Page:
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added this pointer:
added also pointer to
(who does finally switch terminology from “simplicial groupoid” to “groupoid enriched over simplicial sets” but still does not state the definition of enriched groupoids)
together with more comments on the history of the notion.
Presumably the assumption that $V$ be a cosmos can be relaxed to simply asking for $V$ to be a cartesian monoidal category?
how about formulating it this way:
…a cartesian monoidal category (serving as an cosmos for enrichment)…
I think varkor is suggesting that the cosmos (or cartesian cosmos) assumptions are rather more than what is needed. In that case, I wouldn’t say “cosmos for enrichment”, but “base for enrichment” or something similar. Not sure we have a page that accommodates that extra generality, but if not, I think we should.
I know, that’s why I suggested the reformulation “serving as…”.
Now base of enrichment is redirecting to cosmos. Feel invited to split it off as a separate entry.
Have to admit that I am not sure what you are getting at with either of these comments.
We need a cartesian monoidal base of enrichment in order to state the enriched existence of inverses. The entry is clear about this, and the notation seemed just fine.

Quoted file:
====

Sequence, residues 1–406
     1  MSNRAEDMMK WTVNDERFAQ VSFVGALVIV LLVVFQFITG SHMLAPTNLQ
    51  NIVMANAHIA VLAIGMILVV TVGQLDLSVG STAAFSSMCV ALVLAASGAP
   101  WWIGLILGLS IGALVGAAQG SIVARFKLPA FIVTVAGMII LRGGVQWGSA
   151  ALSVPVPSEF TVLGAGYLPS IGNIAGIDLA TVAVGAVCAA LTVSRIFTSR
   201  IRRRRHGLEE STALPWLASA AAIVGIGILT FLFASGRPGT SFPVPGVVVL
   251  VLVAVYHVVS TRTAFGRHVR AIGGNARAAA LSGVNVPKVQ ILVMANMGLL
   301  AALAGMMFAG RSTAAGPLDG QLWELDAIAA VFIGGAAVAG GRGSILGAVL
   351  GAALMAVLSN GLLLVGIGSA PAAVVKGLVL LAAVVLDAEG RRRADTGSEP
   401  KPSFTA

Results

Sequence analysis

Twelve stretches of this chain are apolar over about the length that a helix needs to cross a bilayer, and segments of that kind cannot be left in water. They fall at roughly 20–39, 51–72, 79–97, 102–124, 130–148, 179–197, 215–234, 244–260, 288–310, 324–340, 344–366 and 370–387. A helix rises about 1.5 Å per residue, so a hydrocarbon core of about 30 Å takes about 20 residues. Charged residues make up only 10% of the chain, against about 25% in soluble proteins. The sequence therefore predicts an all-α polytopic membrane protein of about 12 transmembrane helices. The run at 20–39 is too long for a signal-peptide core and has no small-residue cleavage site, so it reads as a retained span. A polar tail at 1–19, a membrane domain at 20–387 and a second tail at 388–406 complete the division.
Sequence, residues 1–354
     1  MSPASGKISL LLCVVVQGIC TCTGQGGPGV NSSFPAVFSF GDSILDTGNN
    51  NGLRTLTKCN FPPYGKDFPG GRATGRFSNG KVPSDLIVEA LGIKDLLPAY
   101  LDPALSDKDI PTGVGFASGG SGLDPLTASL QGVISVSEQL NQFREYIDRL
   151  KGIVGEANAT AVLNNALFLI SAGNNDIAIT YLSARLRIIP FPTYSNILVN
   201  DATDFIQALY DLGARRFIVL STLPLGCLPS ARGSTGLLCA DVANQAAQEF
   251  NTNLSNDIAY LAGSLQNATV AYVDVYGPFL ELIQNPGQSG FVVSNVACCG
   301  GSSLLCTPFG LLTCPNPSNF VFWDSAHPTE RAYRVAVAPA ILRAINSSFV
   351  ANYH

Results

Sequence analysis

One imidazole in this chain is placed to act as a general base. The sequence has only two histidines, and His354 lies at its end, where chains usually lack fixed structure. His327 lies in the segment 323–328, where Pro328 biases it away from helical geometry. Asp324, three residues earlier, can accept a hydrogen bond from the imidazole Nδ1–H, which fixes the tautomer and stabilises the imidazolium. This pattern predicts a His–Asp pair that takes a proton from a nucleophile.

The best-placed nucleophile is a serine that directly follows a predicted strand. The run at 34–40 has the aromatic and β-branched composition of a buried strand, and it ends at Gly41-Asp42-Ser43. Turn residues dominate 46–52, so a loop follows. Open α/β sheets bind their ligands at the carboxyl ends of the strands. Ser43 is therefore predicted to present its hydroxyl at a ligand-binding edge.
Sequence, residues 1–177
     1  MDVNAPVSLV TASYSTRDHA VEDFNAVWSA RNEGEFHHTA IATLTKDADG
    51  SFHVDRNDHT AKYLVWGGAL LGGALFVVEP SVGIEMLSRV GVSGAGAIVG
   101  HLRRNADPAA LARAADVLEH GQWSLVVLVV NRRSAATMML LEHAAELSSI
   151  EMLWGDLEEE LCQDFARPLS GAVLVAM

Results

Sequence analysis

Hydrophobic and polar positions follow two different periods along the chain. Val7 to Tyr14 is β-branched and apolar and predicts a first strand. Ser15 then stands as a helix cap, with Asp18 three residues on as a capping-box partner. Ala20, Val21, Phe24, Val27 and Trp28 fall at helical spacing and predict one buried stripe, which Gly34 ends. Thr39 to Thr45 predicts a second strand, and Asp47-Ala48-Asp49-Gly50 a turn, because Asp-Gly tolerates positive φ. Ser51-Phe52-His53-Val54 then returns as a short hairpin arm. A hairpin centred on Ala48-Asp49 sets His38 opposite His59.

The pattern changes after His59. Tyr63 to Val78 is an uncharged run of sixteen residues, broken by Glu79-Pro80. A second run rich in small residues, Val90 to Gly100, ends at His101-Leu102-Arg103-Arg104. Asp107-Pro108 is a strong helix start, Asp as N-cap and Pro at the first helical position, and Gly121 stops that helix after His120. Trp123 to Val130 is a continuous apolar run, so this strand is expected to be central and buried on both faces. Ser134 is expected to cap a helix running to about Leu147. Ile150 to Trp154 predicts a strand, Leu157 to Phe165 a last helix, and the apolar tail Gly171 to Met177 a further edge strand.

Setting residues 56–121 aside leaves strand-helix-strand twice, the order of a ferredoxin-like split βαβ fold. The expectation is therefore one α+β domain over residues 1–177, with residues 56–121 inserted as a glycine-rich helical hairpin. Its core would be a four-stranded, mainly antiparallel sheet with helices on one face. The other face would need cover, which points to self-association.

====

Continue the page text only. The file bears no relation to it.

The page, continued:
Whether this encompasses “ordered groups” is something that the entry on ordered groups needs to deal with. The notion of enriched groupoids is what it is.
Thanks for saying, now I understand your first comment. I am regularly using “$\ast$” for terminal objects, it’s all over the nLab.
I think this is an issue of different conventions in different communities. I don’t see a problem with sticking with $\ast$, which is common in some communities, and people who are familiar with it would probably be just as confused by $\top$ as you are by $\ast$. The important thing is to define notation when there is any potential for confusion, and the entry does that in the first bullet point where it said “the tensor unit is a terminal object $\ast$”. If this is too far away from the use of $\ast$ in the previous line, we could just remove it from the previous line and write “let $\mathcal{V}$ be a cartesian monoidal category” and only introduce the notation $\ast$ for the terminal object in the bullet point that states explicitly that it’s a terminal object.
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